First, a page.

Leonard Wallace and his wife, Rosemary, had heard from a friend that people were catching trout at Fox Pond, so on Saturday afternoon they drove up to the remote pond in Hancock County to try their luck.

The Steuben couple had been fishing from an embankment there for no more than 15 minutes when Wallace heard a sound, turned to his right, and saw a car and a wheel flash past his head, missing him by no more than 12 inches.

“I was totally astonished by what happened next,” said Wallace, a 60-year-old Maine native.

He and his wife, who was standing to his right, watched in disbelief as the car sailed over their heads and plunged into the pond several feet from shore. It came down on its roof and bobbed back to the surface. Wallace noticed there was a baby in the back seat.

“There was no hesitation on my part because the car was going down,” Wallace said during a telephone interview Sunday evening.

He waded through frigid water to the rear passenger door and wedged his hand through a small opening at the top. He put his foot on the rear tire for leverage and was able to pull the door open.

Next, he grabbed the baby – a 2-month-old boy – and waded back to shore, where he handed the infant to his wife. Wallace, who is 6 foot 1, said the water was up to his armpits during the rescue.

He waded back to the car, which was filling fast with water. The child’s mother and his 3-year-old sister were trapped in the front seat. The mother could not open the doors because of the water that was pressing in on them.

“She was more concerned about her kids than herself,” Wallace recalled. “She kept screaming at me: ‘Take my kids! Take my kids!’ ”

But instead of just taking the woman’s daughter, Wallace grabbed the front of the child’s pajamas and her mother’s collar and, using both hands, pulled both of them over the front seat, through the rear compartment, and out the door to safety.

When asked why he rescued the family without hesitation, Wallace replied, “It’s called fear and adrenaline.”

He and his wife took the family to their car – a Pontiac Grand Am – and wrapped them in blankets to keep them warm. The woman’s car sank. Authorities told Wallace the water temperature of the pond was about 48 degrees.

After the rescue, Rosemary, while holding the baby, tried to flag down a motorist, but the person just kept on driving. When that failed, Wallace decided to stand in the middle of Route 182 and stop the next car, whose operator drove around him and left the scene.

Rosemary kept dialing 9-1-1 on her cellphone before a police dispatcher finally called her back several minutes later. Cellphone reception in that area is poor.

The Maine State Police responded along with two ambulances, which transported the woman and her two children to an area hospital. Their names have been not released, but state police said the woman could face charges.

Fox Pond is located in Township 10 on a remote stretch of Route 182 – between Cherryfield and Ellsworth – that winds past mountains, lakes and public lands.

The Wallaces said their trip to Fox Pond was the first time they had gone fishing this year.

“My wife and I must have been there for some unknown reason. It’s just not explainable,” Wallace said. “I did what had to be done. There was no time to hesitate because the car was going under.”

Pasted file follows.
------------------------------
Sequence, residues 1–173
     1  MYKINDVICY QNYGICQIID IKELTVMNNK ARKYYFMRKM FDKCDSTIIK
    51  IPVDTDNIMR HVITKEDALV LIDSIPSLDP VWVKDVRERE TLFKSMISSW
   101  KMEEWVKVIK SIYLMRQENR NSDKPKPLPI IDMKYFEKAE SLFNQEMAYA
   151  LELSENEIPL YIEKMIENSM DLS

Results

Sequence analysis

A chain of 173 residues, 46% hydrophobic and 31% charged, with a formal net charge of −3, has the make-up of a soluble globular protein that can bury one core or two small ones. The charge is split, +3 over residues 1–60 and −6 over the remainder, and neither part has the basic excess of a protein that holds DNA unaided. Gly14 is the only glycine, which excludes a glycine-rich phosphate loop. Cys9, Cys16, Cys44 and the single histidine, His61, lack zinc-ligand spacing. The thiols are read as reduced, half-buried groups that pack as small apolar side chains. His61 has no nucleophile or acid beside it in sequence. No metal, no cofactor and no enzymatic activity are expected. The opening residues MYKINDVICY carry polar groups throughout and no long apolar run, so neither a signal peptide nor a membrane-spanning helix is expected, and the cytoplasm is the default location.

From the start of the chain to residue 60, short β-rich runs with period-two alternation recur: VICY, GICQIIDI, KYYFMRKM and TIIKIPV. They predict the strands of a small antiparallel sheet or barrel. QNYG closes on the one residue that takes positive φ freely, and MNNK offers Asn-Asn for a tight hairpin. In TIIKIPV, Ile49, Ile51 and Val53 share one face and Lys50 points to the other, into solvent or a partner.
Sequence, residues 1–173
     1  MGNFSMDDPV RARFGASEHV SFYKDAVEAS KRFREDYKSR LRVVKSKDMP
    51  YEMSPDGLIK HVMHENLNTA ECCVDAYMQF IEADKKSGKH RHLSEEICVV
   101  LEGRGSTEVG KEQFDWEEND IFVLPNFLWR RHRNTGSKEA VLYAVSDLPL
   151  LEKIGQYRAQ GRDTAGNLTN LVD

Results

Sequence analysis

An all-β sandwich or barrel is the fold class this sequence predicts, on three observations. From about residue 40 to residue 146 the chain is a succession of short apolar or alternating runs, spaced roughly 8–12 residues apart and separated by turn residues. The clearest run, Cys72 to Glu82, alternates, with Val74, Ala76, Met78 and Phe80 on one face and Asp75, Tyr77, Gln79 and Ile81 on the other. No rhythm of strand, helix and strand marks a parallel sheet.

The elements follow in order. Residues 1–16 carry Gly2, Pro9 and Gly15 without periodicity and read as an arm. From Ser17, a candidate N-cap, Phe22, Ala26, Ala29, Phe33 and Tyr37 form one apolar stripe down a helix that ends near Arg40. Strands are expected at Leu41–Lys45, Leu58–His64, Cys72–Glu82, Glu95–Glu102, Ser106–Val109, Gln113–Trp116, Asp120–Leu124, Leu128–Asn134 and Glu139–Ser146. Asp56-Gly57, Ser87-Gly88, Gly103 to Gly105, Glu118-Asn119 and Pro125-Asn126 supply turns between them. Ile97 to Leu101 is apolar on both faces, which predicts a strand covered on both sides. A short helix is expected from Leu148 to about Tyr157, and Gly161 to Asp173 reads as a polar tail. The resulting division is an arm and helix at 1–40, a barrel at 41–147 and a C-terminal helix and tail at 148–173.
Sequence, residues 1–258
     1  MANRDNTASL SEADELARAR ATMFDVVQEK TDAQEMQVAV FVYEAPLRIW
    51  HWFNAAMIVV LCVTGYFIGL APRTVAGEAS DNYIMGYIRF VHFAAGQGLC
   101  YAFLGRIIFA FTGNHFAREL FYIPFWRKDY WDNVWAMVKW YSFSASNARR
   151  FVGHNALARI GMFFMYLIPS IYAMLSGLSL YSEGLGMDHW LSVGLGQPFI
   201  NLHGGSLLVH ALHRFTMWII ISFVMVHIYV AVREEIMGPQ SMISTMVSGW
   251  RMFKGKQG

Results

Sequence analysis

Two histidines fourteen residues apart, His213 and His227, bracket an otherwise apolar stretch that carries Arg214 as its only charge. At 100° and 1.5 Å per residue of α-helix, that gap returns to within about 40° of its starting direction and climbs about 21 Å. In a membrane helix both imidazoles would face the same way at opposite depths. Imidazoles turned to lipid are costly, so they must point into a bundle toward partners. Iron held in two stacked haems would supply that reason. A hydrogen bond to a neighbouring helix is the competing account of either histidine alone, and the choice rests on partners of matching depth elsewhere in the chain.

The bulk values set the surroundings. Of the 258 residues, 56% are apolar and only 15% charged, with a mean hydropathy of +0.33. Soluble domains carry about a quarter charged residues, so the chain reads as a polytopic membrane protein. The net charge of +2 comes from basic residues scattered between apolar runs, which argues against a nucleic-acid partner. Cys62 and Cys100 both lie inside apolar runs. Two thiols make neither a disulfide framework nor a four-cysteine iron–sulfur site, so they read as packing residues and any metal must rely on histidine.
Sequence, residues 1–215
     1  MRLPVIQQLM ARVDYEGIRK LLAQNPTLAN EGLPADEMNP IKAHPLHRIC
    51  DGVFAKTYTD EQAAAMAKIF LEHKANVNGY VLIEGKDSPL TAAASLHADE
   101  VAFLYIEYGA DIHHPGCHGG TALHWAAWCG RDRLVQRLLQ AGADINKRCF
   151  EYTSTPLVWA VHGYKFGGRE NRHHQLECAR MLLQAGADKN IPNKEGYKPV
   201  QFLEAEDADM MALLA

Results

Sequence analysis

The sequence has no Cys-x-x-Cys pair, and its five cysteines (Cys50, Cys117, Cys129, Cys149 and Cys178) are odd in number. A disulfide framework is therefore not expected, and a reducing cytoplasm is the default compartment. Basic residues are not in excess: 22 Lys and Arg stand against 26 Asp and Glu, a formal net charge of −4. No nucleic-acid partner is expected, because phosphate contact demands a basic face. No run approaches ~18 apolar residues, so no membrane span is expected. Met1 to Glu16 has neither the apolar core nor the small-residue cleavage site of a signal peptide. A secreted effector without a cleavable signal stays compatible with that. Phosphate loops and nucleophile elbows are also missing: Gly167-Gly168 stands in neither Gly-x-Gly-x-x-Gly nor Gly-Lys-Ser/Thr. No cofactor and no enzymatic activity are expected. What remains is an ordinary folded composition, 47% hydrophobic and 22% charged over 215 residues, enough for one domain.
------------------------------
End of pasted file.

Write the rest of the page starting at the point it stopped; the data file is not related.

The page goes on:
Wallace said he earns a living doing “odd jobs” that include mowing lawns and repairing equipment.

Rosemary Wallace, 63, said she was not surprised by her husband’s heroism.

“That’s just the way he is. He is the type of person that if you need something, he will help you, no matter what it takes,” she said.

Though disappointed by the motorists who did not stop to help them, Rosemary said she is not surprised. She calls what she and her husband did a generational thing.

 

 

“A lot of people nowadays are afraid to get involved,” she said. “Our generation won’t be here much longer and I just don’t know what the world is going to come to when we are gone.”

The Maine State Police posted a news release on its Facebook page that described the rescue as “dramatic.”

State police said that the woman’s car went off the road after it failed to negotiate a sharp curve on Route 182.

Her vehicle “careened over the bank, over the head of a Leonard Wallace, who was fishing at the pond with his wife, Rosemary, and plunged into the water, where it swiftly sank.”

The news release said “the car landed in a manner that would not have been visible to passing motorists. Had the couple not been fishing in that spot that day, state police believe the story could have turned tragic.”

Though the Wallaces can’t explain why they were in the right place at the right time, Facebook commenters on the Maine State Police page offered their theories. More than 900 people had commented on the story as of 10:45 p.m. Sunday.

“Thank goodness this couple decided to go fishing that day. They were put there for a purpose. God was definitely watching out for that mother and her children when he put Mr. and Mrs. Wallace there,” Dawn Kendrick-Wheeland wrote.

“God was looking over them and these two people fishing were their angels during this accident. Just reading what happened gave me goose bumps,” added Jill Richardson.

“Kudos and props to this peaceful fisherman,” wrote Zephyr Knoll. “He caught much more that day than he could have ever expected.”